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Showing posts from May, 2013

Director Jim Jarmusch and actor John Hurt proclaim anti-Stratfordian views at Cannes Film Festival

Cheryl Eagan Donovan of Controversy Films reported in her May 26, 2013 "Shakespeare News" on an interview conducted May 25 at the Cannes Film Festival with Only Lovers Left Alive director Jim Jarmusch and film actors Tilda Swinton, Tom Hiddleston, and John Hurt in which Jarmusch and Hurt celebrate their anti-Stratfordian viewpoint. Hurt plays an immortal Christopher Marlowe in the upcoming film. Jim Jarmusch (4:17 on video): "I think one of the biggest scandals in literary history that someday may be divulged, to me, is that William Shakespeare didn't write anything. And there are a lot of us so-called anti-Stratfordians that don't believe this . They included Orson Wells and Sigmund Freud and Ralph Waldo Emerson and and John Gielgud. (John Hurt says, “And John Hurt!”) And now John Hurt as well. Sources

Barber and Price demolish Wells and Edmondson

After mopping the floor with Stanley Wells and Paul Edmondson on the Shakespeare Birthplace Trust’s “Proving Shakespeare” web-based seminar lastweek , Marlovian Ros Barber has emerged as a passionate and compelling advocate for the anti-Stratfordian viewpoint. The May 1, 2013 seminar was held to celebrate the launch of the Trust’s refinement of the Stratfordian viewpoint, Shakespeare Beyond Doubt , that will be published by Cambridge University Press this month. The book is part of the trust’s ongoing response to Roland Emmerich’s 2010 anti-Stratfordian film, Anonymous – a response that began with their online “Sixty Minutes with Shakespeare” one-minute refutations of various complaints against the attribution of Shakespeare’s works to the man from Stratford. At the online seminar, Barber appeared to astound Wells and Edmondson with her articulate defense of the anti-Stratfordian position. Although she authored The Marlowe Papers -- due out May 24 by Sceptre --  a fictional

Anti-Stratfordian Robin Fox named to National Academy of Sciences April 20, 2013

Anthropologist Robin Fox -- who wrote the book on Shakespeare’s Education (Laugwitz Verlag, 2012) from an Oxfordian perspective -- was named to the National Academy of Sciences on April 20, 2013. Fox's anti-Stratfordian book is available from Amazon at . Read more about Fox on his website at

Australian Peter McIntosh, PhD publishes new work on sonnet authorship

by Linda Theil Australian geologist Peter McIntosh, PhD, has published Every word doth almost tell my name: The Authorship of Shakespeare's Sonnets (McFarland, 2013) a full-length treatment of his thesis of Shakespeare authorship.  McIntosh said: [I present] evidence to show that Queen Elizabeth I is the most likely author of the Sonnets. There is not only an impeccable correlation of the subject matter of the Sonnets with the known history of the relationship between Elizabeth and her favorite, the second Earl of Essex, but also many indicators of her authorship in other sources, including the Sonnets' dedication and the signature SS on a poem written in her own hand. McIntosh also wrote  Who Wrote Shakespeare's Sonnets?  (Ginninderra, 2011). The new work is available in softcover and Kindle edition from Amazon at  and McFarland at McI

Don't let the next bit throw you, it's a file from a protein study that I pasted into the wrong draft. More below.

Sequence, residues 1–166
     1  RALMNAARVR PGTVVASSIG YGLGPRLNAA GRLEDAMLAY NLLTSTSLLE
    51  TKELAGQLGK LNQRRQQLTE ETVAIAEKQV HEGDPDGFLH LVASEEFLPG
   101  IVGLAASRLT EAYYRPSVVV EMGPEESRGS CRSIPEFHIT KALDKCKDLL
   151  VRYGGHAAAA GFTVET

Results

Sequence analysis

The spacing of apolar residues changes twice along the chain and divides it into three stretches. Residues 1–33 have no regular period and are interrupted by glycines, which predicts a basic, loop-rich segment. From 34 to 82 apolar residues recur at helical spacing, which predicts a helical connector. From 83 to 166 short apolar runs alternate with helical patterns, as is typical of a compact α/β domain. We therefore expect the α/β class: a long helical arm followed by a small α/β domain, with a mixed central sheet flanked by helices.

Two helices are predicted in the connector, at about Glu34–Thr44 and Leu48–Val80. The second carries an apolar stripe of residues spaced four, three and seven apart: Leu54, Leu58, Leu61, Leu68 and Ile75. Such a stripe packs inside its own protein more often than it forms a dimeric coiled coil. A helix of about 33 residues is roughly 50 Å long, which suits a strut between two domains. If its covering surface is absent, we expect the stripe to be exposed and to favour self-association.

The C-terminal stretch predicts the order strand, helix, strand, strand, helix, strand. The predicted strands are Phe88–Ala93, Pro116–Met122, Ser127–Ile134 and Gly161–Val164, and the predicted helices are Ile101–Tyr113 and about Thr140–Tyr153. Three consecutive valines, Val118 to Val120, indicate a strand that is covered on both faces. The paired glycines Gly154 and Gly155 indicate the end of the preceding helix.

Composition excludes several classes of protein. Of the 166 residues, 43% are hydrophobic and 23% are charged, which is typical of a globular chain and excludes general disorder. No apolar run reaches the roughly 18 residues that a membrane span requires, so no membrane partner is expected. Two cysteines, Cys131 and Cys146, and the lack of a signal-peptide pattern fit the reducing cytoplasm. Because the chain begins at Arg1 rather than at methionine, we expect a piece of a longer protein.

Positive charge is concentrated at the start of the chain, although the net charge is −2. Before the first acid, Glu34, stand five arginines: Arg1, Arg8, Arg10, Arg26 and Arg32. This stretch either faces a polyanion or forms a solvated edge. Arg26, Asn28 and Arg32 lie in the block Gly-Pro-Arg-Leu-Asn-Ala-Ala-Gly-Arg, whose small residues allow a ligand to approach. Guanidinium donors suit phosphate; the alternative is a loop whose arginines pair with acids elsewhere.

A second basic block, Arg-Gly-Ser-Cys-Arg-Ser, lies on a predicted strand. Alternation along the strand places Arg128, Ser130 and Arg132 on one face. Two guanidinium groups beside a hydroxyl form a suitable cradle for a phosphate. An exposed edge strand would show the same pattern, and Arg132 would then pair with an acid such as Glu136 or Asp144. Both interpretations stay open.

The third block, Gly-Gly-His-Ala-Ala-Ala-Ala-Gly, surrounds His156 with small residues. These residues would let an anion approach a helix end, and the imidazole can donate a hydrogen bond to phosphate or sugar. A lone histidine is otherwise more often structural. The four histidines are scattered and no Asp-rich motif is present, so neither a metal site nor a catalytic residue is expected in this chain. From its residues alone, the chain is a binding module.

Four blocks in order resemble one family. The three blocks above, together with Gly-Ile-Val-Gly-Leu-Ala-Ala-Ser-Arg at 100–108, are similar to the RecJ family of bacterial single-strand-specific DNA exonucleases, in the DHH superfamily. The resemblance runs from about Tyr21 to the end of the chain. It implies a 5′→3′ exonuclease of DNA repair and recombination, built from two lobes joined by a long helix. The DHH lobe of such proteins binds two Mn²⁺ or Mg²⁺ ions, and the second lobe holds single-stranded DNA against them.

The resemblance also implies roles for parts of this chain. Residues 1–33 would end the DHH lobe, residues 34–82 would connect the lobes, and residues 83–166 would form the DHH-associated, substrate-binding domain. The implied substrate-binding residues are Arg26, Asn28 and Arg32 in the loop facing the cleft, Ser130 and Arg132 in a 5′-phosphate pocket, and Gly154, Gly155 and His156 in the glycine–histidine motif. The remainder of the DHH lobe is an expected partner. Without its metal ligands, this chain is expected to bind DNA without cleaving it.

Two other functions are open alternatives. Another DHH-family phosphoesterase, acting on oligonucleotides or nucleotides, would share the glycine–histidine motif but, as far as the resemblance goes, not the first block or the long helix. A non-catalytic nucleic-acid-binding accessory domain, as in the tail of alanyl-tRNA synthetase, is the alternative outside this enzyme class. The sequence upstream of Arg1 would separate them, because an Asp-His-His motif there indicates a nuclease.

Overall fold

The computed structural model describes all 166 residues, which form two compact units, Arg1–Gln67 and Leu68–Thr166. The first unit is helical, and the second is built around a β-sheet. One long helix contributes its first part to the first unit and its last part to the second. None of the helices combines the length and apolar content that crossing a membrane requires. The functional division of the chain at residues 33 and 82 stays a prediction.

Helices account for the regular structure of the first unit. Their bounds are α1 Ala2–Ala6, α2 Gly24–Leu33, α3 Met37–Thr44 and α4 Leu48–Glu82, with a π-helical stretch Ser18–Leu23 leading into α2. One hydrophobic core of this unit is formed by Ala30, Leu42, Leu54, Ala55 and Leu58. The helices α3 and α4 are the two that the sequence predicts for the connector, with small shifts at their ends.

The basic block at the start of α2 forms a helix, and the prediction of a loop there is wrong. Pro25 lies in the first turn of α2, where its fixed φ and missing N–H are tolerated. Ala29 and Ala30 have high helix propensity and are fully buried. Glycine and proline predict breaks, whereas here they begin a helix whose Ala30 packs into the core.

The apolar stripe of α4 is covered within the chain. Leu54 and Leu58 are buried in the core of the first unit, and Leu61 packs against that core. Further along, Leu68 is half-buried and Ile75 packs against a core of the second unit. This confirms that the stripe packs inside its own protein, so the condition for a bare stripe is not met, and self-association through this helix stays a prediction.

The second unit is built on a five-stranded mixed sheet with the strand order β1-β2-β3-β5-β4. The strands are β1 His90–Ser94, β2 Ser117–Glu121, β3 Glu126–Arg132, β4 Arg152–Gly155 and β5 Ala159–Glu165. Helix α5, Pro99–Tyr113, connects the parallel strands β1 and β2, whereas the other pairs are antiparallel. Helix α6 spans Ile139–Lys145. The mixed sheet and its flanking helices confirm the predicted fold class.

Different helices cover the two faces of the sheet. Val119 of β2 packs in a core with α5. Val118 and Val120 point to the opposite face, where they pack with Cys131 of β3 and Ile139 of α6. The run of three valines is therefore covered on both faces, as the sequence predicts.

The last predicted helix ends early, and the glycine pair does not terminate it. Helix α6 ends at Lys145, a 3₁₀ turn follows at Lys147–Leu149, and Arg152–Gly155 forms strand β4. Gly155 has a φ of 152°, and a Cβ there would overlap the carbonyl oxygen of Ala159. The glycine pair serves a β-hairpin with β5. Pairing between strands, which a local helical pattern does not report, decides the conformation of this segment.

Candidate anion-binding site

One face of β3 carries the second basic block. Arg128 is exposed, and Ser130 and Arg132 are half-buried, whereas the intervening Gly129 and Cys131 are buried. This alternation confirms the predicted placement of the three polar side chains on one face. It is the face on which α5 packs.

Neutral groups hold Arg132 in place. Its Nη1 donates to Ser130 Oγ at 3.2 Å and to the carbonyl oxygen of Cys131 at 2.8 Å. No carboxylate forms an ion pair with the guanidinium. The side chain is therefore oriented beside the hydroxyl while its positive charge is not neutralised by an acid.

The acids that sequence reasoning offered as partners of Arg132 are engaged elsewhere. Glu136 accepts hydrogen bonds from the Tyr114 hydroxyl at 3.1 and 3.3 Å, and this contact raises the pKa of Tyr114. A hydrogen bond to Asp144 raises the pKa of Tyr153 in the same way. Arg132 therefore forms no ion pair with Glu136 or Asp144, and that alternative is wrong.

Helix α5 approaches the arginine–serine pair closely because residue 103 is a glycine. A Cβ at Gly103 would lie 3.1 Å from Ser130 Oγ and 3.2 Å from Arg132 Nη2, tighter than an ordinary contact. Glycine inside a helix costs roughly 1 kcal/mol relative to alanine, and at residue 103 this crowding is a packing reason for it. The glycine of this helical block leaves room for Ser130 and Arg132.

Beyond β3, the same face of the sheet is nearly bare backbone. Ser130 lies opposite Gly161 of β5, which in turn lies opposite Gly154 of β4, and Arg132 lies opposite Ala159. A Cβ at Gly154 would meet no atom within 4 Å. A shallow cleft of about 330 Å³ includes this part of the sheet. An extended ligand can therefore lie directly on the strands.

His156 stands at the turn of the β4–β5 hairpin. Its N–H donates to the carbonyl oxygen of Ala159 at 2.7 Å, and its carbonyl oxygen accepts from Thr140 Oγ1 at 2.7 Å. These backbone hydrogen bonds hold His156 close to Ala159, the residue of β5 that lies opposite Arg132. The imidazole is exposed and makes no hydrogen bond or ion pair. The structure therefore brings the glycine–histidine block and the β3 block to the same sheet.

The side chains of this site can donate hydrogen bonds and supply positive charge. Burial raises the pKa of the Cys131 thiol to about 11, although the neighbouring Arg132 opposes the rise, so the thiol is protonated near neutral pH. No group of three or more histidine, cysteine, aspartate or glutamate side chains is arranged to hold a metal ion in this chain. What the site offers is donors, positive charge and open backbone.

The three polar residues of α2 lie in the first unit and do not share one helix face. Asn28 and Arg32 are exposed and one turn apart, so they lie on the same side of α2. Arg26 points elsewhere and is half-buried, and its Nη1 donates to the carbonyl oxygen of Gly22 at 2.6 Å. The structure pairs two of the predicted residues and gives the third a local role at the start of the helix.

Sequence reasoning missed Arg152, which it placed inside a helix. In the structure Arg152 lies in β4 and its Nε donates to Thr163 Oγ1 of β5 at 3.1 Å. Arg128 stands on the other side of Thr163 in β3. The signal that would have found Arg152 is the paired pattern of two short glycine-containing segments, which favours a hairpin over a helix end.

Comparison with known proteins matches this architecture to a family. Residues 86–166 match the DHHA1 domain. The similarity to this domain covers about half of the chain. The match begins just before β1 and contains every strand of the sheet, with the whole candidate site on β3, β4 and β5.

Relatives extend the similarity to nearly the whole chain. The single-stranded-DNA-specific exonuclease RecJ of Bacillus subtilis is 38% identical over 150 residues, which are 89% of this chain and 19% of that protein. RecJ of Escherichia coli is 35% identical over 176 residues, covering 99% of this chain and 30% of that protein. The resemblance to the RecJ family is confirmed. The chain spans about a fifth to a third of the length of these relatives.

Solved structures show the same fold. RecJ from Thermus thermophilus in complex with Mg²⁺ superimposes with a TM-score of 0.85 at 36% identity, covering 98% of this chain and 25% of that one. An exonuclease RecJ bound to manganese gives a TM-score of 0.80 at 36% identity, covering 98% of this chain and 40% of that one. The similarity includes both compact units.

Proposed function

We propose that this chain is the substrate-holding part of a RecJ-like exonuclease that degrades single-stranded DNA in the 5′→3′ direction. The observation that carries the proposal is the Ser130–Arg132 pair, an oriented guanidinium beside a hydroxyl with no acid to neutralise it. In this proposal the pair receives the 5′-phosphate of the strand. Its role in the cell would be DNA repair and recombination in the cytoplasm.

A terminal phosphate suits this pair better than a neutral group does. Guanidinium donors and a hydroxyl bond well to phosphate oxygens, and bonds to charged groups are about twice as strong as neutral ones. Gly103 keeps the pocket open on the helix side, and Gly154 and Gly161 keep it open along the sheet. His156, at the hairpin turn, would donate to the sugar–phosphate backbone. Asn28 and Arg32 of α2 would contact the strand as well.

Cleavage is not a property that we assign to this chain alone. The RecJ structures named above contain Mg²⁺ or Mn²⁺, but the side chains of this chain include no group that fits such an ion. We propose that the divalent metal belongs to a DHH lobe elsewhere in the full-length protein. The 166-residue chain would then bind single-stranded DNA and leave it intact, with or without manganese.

Peter Sturrock approaches authorship question mathematically with book, AKA Shakespeare

by Linda Theil The anti-Stratfordian faction of Shakespeare lovers is replete with those who have been trained to study evidence: lawyers, doctors, and scientists of all fields. Peter A. Sturrock, PhD -- emeritus professor of applied physics and emeritus director of the Center for Space Science and Astrophysics at Stanford University -- has brought his mathematical genius to bear on the topic of the Shakespeare authorship with his self-published book, AKA Shakespeare: a Scientific Approach to the Authorship Question (EXO Science, 2013). Even though I sat through a calculus course in high school, this reader must confess that the mathematics involved in Professor Sturrock’s thesis eluded my understanding, so I cannot comment on its value as ammunition in the authorship battle. I can attest, however, to the lucidity of Sturrock’s prose and the freshness of his approach. In an article titled “Who wrote Shakespeare's plays? Stanford professor lets you decide” by Stanford

Showerman says teach authorship at local universities lifelong learning programs

by Linda Theil Shakespeare Fellowship trustee and immediate past president Earl Showerman  kicked off his fourth year teaching the Shakespeare authorship question at Southern Oregon University’s Osher Lifelong LearningInstitute with a class titled,  titled, " The Shakespeare Authorship Challenge: State of the Debate 2013" . Following the first day of class on April 17, 2013, Showerman said: I have about 20 in class, half-of-whom are already converts. Not exactly preaching to the converted, but it is fun to see how people really light up when they get an idea about what is at stake and the terms of the discussion. . . . The SBT (Shakespeare Birthplace Trust) polemic, “Shakespeare Bites Back” was discussed yesterday as a way [of] showing them how threatened and vitriolic are our critics. We'll use Steve McClarran's second edition of   I Come to BuryShaksper , (2011) (available later this month I understand) as a primary text.   Showerman also intends to discus